Coaching Management, 14.9, October 2006, http://www.momentummedia.com/articles/cm/cm1409/qacotter.htm
Going into the 2006 season, NCAA Division III Plattsburgh State was predicted to finish fifth in the 11-team State University of New York Athletic Conference (SUNYAC). Instead, in their seventh season under Head Coach Sean Cotter, the Cardinals finished the regular season with a 19-1 mark, won the SUNYAC championship in four games at home, and earned their first NCAA Tournament berth, where they finished one win shy of the Division III World Series. The team’s offensive performance improved from one home run in 2005 to 41 in 2006, and from a .218 team batting average to .323. The offensive explosion helped propel Plattsburgh State to a 23-game winning streak and new school records for wins (40) and winning percentage (.816).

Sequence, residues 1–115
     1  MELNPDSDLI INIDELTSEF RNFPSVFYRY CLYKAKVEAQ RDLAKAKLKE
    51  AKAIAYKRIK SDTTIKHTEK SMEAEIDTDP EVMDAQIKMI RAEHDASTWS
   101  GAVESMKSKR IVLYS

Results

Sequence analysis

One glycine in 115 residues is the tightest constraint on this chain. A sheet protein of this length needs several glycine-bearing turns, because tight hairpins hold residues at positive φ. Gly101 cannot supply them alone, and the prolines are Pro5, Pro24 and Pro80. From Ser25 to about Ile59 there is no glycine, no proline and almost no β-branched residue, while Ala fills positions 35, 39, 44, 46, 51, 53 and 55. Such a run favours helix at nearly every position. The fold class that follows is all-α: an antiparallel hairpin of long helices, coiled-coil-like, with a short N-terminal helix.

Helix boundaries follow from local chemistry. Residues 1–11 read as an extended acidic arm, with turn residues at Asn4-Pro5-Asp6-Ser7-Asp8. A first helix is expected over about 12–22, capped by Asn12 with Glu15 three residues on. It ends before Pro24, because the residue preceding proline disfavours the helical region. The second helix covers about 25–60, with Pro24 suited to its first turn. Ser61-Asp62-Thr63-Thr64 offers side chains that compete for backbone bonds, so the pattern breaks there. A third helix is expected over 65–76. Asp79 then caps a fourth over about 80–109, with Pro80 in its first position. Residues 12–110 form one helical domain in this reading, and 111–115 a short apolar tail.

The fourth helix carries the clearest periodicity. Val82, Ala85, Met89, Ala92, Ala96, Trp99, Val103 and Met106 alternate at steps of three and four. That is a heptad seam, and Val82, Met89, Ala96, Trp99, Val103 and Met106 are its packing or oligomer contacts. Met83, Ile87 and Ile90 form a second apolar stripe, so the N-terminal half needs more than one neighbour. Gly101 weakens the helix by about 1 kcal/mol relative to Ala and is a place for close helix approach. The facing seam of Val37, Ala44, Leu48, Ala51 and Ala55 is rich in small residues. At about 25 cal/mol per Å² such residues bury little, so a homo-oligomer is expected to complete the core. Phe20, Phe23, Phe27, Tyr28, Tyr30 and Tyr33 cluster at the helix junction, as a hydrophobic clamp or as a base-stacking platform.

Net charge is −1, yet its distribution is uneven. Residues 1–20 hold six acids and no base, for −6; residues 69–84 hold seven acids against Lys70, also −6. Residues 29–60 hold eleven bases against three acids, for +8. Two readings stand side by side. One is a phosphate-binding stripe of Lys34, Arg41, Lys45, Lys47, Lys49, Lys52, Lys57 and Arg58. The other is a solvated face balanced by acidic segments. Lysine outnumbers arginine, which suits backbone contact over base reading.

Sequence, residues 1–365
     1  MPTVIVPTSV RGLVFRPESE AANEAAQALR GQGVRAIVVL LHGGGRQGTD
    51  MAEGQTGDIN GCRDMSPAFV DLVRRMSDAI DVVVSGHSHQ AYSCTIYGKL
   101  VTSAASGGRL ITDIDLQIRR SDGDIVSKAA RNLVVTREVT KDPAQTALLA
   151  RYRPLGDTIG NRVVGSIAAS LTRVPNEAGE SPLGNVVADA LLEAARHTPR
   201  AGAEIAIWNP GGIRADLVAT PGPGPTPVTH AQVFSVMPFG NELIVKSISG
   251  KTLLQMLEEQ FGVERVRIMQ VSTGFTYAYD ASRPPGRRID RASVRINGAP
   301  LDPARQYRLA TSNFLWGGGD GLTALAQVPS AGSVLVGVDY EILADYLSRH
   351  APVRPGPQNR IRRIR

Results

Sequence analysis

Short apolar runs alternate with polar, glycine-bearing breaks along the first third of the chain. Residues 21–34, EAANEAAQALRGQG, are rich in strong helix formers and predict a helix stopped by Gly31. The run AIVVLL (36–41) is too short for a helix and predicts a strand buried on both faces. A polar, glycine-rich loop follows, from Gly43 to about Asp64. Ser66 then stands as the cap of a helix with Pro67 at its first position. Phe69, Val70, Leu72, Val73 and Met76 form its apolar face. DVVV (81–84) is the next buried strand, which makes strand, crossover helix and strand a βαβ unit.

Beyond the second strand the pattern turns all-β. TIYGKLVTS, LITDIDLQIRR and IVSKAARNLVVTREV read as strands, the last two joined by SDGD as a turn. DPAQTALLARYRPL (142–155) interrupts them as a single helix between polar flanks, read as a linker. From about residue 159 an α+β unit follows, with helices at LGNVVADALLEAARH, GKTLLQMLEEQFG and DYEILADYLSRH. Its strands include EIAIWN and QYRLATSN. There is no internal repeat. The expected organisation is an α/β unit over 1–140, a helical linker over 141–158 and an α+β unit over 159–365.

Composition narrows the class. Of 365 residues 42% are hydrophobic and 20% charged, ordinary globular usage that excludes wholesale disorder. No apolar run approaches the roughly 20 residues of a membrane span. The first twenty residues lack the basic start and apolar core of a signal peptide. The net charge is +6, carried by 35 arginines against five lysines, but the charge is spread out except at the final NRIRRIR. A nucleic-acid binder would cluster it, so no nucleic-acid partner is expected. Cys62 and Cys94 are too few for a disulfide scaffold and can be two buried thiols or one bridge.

After one year as head coach at E.O. Smith High School in Storrs, Conn., and another year as head coach at Division II Teikyo Post University, Cotter arrived at Plattsburgh State in 2000, taking over the second-year program. Since then, the Cardinals have averaged 24 wins a season and reached the SUNYAC Tournament seven times.
Cotter serves on the NFCA’s board of directors as the Division III representative and is past president of the New York State Women’s Collegiate Athletic Association’s softball committee. He has also served on the NFCA Top-25 and NCAA Northeast Regional rankings committees. In this interview, Cotter talks about keeping his team focused through a 23-game winning streak, using sports psychology skills to mediate problems between his athletes, and recovering from burnout.
CM: Why did you take the Plattsburgh State job?
Cotter: It was a chance to form a program in the image I wanted, and not worry about whether the team had been really bad or really good the year before. I took the job to start a tradition, and we’ve been able to put a nice little history together in the last few years.